Local grocery stores are about the size of a very small gas station convenience store (and half of the store is filled with selections of Rosé lol), so their selection is very slim. There is a much larger store about a 10 minute walk into town which has packaged food and the basics I need create meals, but I love shopping the local stores and farmers market to get great fresh produce.
Above is a pasta salad comprised of fresh basil, tomatoes, mozzarella, avocado and farfalle pasta. Below is a locally caught white fish seasoned with lemon juice and Herbs de Provence and a vegetable salad I made by steaming zucchini, red bell pepper and onions in a foil packet with the same marinade. I then added some white beans for texture. The kids loved it!
One of the toughest things I have encountered in France so far is adjusting to what is sold, and more importantly, what ISNT sold at grocery stores. France doesnt like to package things that could be fresh (what a novel idea!) they also prefer to only carry what is grown locally. This means the produce I find is excellent. I'm absolutely positive that the strawberries here, which are tiny compared to the US, are the best in the world. Berries here taste nothing like the US, they're SO much more flavorful! The produce here also isn't always as beautiful, it's often filled with imperfections, with large varieties in sizes and shapes. This is because they do not throw away or genetically modify their crops to look a certain way which is appealing to consumers. Their fruit is smaller, the zucchini is often inconsistant shapes and sizes, and the colors of fruits and vegetables many vary day by day. I love this about France (and Europe in general), but with this greatness there is also a downside.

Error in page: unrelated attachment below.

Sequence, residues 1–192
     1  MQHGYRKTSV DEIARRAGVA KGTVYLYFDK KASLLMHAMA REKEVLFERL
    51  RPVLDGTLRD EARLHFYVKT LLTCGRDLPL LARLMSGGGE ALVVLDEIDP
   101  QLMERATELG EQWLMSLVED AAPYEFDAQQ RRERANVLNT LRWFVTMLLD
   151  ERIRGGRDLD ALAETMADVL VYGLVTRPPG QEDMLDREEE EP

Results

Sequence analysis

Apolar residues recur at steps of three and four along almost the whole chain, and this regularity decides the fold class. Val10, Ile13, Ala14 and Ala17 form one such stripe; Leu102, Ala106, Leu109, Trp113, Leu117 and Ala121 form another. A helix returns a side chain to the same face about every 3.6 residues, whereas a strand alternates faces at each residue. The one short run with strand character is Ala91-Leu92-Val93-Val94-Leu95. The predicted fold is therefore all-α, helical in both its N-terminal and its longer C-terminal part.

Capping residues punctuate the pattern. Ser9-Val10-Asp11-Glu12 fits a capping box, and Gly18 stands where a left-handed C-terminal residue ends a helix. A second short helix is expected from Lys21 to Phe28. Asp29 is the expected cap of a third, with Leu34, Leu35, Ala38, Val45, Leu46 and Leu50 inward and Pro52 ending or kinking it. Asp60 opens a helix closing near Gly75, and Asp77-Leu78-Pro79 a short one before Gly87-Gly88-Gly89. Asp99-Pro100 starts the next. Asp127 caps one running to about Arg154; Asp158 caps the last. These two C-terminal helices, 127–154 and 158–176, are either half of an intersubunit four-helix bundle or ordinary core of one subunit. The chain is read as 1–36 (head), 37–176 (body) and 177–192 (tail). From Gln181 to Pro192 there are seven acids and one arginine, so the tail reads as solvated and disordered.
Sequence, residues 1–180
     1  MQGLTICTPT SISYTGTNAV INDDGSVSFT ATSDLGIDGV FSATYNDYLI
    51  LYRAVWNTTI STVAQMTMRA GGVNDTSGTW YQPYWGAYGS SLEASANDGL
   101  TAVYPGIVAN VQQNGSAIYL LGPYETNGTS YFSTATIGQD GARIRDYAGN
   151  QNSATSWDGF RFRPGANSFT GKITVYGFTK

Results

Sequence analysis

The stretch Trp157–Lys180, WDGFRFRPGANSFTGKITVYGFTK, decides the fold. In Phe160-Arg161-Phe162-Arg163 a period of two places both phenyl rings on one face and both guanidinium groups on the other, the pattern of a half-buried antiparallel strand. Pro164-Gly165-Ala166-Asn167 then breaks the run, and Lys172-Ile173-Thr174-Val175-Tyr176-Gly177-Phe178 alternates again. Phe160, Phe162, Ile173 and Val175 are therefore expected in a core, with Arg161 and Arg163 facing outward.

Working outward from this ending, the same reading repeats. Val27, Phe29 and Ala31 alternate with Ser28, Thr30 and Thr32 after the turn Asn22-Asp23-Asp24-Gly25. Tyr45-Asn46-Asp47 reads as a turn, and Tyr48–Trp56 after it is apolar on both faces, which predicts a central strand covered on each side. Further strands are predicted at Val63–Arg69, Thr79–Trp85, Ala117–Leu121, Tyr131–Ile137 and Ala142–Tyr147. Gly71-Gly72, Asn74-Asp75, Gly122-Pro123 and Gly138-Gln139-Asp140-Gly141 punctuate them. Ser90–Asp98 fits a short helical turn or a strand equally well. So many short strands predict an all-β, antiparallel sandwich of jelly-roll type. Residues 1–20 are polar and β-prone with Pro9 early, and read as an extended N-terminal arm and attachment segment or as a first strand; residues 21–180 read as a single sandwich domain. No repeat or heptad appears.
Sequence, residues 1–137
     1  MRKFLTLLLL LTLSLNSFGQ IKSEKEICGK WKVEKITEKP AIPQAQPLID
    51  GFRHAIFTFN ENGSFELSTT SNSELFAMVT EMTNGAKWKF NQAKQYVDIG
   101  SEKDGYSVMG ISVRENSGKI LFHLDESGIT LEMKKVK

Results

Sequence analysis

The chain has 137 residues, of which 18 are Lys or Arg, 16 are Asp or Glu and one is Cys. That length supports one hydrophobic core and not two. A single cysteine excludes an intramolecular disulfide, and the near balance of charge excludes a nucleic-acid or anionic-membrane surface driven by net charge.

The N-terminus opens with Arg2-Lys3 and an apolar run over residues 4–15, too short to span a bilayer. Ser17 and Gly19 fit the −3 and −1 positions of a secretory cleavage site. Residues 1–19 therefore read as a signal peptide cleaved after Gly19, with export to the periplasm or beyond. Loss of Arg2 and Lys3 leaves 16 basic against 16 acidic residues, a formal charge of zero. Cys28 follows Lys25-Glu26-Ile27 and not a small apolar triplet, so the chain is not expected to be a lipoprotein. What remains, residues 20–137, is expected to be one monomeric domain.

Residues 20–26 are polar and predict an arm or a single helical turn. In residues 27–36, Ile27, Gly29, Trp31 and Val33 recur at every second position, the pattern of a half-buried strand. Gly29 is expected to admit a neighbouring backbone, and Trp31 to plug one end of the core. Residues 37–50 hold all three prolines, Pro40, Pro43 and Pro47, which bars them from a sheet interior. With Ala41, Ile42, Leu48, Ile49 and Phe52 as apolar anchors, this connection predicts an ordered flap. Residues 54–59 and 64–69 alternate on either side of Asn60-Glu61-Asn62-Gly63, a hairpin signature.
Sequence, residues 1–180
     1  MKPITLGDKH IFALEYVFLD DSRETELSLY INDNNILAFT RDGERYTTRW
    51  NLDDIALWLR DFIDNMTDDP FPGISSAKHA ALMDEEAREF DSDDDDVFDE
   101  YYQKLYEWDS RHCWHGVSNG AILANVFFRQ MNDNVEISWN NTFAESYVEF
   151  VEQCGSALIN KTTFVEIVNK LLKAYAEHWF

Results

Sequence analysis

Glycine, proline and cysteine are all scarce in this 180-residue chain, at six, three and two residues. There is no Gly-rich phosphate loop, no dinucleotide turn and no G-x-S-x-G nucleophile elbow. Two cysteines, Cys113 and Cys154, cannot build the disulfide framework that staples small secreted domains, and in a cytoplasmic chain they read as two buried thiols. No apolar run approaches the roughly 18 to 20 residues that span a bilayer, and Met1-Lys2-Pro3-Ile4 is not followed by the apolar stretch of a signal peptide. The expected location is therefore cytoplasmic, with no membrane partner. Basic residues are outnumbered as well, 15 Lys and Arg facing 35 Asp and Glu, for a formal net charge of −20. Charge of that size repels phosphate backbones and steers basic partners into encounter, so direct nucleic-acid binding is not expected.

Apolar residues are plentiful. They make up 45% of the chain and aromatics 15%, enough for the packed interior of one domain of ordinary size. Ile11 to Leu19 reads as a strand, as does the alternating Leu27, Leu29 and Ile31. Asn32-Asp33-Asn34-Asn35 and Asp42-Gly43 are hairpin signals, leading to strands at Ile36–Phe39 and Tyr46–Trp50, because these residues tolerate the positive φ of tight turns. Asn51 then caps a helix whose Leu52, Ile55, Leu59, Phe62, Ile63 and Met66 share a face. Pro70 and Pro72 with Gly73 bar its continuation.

Trying to find all the ingredients for an American recipe is a joke. The only produce carried is what is grown locally, so sometimes no matter how hard I look for cilantro, it's never going to appear. I went into the store recently to make a mixed berry salad only to find that no store in the area had blackberries or blueberries because they were not grown here. It took me 2 weeks and 7 stores before I found black beans, and when I did they were dried and I needed to hydrate them myself. I couldn't find cinnamon anywhere, and 911 GUYS, THEY ONLY SELL 1 BRAND OF PEANUT BUTTER AND IT TOOK ME ALMOST 2 WEEKS TO FIND IT!